“But to all who did receive him, who believed in his name, he gave the right to become children of God.” ~ John 1:12 (ESV)
This being my last post in the “Live Second” campaign, I can tell you that it is one that I most relate to. The reason is because of how personal it is. There is a reason why today, I can call myself a child of God. It has almost everything to do with my own dad. I say almost because ultimately my Heavenly Father is the One who called me, died for me, and has provided everlasting life for me. But how did I come to a realization of who God is? How was I able to understand God’s love for me? How was I able to comprehend God’s attributes of love, discipline, grace, and mercy? He provided a look in to Himself through the earthly father he gave to me.
“Whoever spares the rod hates his son,
but he who loves him is diligent to discipline him.” ~ Proverbs 13:24 (ESV)
Dad had a particular way of disciplining us when we were young. It typically started with the simple sentence, “Go to your room and wait for your dad.” To a small child it was “psychological torture”, a good dose of gluteus maximus discomfort, followed by tender-hearted love and instruction. The slow but pounding walk up the stairs (insuring we heard every step). The methodical search for the paddle (which we wrote loving notes of adoration on in the hopes it would provide a change of heart) in the drawer that squeaked and creaked as it was forcefully opened and shut. The careful aim and slight touch of the paddle against our bare bums, letting us know the pain was coming down. My siblings and I can laugh about it now, but when we look back upon the way our dad disciplined us, it was nothing short of effective and beneficial for our well being. The most effective part of this process was the affectionate love and instruction he shared after our cheeks stopped pulsating with pain. Our dad always brought it back to scripture. He always instructed us in love and biblical guidance in why we had received this discipline. For that, we are forever grateful. The four of us now carry on that tradition of biblical discipline with our own children.
Discipline is absolutely necessary to Christian faith. One must be disciplined to deny the pleasures of this world that they will face on a daily basis. Our Abba makes this very clear in Hebrews 12:11, “For the moment all discipline seems painful rather than pleasant, but later it yields the peaceful fruit of righteousness to those who have been trained by it.” A father disciplines his children because he loves them and desires to see them live a life that is honoring to the Lord. Robert Lewis, the author of Raising a Modern-Day Knight said, “Every young man needs a comprehensive view of life that begins with this fundamental proposition: True satisfaction in life is directly proportionate to one’s obedience to God. In this context, moral boundaries take on a whole new perspective: They become benefits, not burdens.” Discipline, if done appropriately, provides this outlook on life that we would want for all of our children.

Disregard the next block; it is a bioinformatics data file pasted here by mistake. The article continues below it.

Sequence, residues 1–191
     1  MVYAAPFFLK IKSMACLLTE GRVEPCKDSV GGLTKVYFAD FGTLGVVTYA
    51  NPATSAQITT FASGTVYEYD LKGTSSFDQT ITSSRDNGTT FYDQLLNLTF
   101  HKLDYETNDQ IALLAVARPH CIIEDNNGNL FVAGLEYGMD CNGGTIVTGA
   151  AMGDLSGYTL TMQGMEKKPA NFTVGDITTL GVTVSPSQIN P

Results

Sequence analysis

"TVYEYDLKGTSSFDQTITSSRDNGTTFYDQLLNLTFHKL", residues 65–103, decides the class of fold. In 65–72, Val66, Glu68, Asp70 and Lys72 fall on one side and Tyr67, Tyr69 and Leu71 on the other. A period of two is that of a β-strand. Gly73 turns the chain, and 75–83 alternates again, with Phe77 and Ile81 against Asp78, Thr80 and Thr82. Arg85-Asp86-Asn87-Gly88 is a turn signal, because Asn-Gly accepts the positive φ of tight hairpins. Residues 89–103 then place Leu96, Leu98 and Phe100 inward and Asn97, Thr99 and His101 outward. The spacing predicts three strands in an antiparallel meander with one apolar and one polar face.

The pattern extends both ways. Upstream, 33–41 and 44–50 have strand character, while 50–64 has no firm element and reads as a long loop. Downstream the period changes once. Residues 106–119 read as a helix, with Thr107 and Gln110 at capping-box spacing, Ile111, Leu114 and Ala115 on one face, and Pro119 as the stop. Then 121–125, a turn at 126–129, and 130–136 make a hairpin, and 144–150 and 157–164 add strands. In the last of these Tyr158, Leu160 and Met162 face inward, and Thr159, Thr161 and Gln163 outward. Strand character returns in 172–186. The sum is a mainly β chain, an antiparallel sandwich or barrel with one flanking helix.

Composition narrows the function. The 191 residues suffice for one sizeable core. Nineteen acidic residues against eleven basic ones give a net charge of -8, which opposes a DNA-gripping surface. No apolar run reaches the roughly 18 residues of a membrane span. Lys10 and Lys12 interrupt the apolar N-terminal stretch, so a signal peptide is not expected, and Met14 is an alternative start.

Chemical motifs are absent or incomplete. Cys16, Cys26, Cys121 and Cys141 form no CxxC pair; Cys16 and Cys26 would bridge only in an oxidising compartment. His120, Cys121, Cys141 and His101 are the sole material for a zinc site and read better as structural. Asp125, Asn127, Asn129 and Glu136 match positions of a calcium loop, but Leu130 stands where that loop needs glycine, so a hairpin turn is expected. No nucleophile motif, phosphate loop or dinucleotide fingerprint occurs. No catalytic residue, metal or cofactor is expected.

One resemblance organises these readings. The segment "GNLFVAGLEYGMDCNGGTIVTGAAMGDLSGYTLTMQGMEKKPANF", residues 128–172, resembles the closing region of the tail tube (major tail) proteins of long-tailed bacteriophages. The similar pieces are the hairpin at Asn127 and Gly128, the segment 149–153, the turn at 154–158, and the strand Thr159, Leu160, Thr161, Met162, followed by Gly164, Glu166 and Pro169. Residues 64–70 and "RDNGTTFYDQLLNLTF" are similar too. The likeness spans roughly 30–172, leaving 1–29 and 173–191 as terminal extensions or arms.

“Have nothing to do with irreverent, silly myths. Rather train yourself for godliness; for while bodily training is of some value, godliness is of value in every way, as it holds promise for the present life and also for the life to come.” ~ 1 Timothy 4:7-8 (ESV)
I could go on and on about my dad. There are so many other attributes about his fathering that I could write about. He loved his children too much to see them make mistakes without proper discipline. He understood the values that this would instill in his children. He trusted in God’s Word and worked incredibly hard to make sure that one day he could confidently say, “I have no greater joy than to hear that my children are walking in the truth.” (3 John 4, ESV) He now has four children who are married with 13 grandchildren that are being raised in similar fashion. My dad has created a lasting legacy that will live on for generations. Why? Because he was not willing to compromise God’s truth in the lives of his children.
So this is what it means to be a Child of God. This child recognizes that his Father in Heaven loves him beyond understanding. This child understands that there are times when his Father has to discipline him. This child knows that the discipline he receives is for his benefit. This child strives to live in the shadow of his Father because there is no one else he wants to emulate. And for this reason, I want to be just like my Father in Heaven, as that is exactly what I want for my own children. As my son is looking up to one of the greatest men in his life, his Papa, I remember the words of Paul when he said, “Imitate me, just as I also imitate Christ.” (1 Corinthians 11:1, NKJV)
My name is Cameron Stevens. I Am A Child of God. I Am Second.
God bless you!
*Learn more about Living Second: I Am Second
*Doug Bender’s new book, “Live Second: 365 Ways to Make Jesus First”